"They'd be invading my privacy. I don't go reading mum's messages so why does she have to read mine? I don't think it's necessary because I tell mum everything anyway."

One Melbourne family with a techobsessed 11 year old discovered she had downloaded free messaging app Kikwithout their permission and was corresponding with a "boy from California".

Her mother worries about perverts and paedophiles using these platforms as stalking grounds.

"It would enter my mind to use [Teensafe] but I'd have to really think about it. I do think it's important to tell your child. My daughter is already hiding things from me, and sneaking into her room with the phone. If I want the open conversation, I'm going to play the honesty card first."

The 39 year old mother of two tween girls admits this is new ground for parents of digital natives and is difficult to negotiate, given the pace of emerging technologies.

"We're new to this. We weren't part of this culture when we were kids. She's connecting with somebody she doesn't know, she's using her own name and her own picture, and these are all the 'nono's that they've learnt in cyber safety at school but they're not making the connection."

Messenger says Teensafe advises its users to divulge the use of the app, rather than using it covertly, but admits in some cases going behind your child's back may be the only way to get to the truth.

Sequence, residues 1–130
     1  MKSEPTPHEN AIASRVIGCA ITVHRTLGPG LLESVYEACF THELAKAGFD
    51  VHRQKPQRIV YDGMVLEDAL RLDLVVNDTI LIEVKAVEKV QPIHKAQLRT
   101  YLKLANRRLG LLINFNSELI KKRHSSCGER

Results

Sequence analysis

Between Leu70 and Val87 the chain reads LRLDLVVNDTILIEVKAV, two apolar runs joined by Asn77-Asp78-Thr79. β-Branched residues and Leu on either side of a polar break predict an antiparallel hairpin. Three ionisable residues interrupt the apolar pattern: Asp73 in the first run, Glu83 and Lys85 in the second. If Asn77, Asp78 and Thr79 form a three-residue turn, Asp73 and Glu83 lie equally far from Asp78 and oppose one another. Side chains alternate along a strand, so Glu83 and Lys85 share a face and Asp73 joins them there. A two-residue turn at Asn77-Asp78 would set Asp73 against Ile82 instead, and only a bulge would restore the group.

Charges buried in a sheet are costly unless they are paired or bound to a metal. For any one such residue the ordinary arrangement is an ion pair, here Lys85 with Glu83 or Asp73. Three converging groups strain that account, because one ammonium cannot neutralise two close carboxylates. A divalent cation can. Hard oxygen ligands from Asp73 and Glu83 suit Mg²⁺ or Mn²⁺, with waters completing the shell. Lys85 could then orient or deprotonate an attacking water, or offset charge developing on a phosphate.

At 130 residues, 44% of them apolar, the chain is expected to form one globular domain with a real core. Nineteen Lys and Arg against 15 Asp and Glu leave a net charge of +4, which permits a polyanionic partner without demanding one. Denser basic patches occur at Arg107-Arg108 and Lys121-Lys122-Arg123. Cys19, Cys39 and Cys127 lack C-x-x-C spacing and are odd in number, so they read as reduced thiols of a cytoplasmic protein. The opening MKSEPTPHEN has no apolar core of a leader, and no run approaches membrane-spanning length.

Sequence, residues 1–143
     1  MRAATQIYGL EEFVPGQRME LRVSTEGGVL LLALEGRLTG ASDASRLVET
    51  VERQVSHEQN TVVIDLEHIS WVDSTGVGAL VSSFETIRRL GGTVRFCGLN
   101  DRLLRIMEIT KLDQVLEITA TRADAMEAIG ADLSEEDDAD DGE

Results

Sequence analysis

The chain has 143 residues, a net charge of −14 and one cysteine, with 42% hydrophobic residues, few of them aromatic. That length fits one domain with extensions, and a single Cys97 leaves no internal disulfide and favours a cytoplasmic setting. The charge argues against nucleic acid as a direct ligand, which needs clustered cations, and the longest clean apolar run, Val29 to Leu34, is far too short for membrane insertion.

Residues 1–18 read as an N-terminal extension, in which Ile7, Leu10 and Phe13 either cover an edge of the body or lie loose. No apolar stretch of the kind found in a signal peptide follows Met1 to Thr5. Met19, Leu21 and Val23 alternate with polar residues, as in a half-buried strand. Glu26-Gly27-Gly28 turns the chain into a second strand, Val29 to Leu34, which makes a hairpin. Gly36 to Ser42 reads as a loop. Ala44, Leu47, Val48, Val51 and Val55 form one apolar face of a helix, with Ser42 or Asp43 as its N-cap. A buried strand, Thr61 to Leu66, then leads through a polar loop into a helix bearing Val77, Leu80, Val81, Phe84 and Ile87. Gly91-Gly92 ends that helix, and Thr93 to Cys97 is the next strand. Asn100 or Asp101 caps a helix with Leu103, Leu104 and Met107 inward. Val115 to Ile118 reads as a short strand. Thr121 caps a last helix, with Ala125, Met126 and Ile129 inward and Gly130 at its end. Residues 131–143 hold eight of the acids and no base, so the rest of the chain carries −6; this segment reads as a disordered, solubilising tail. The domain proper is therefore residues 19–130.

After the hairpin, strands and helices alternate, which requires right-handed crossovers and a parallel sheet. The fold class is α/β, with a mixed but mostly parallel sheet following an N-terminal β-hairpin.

"If you're concerned about your child and you have no other way of finding out what's going on, as a parent it's a no brainer. People have found out their children are dealing drugs, or are truant from school, and if that's going on what's more important to you – growing trust with your child or checking that everything is OK?"

Tucci warns getting access to a child's digital life can open up a Pandora's box of dilemmas. "It can be insidious. It's tempting for parents to use it not only for safety but potentially for other reasons, and inadvertently you get access to information about friends that you shouldn't have. And that's going to be disastrous."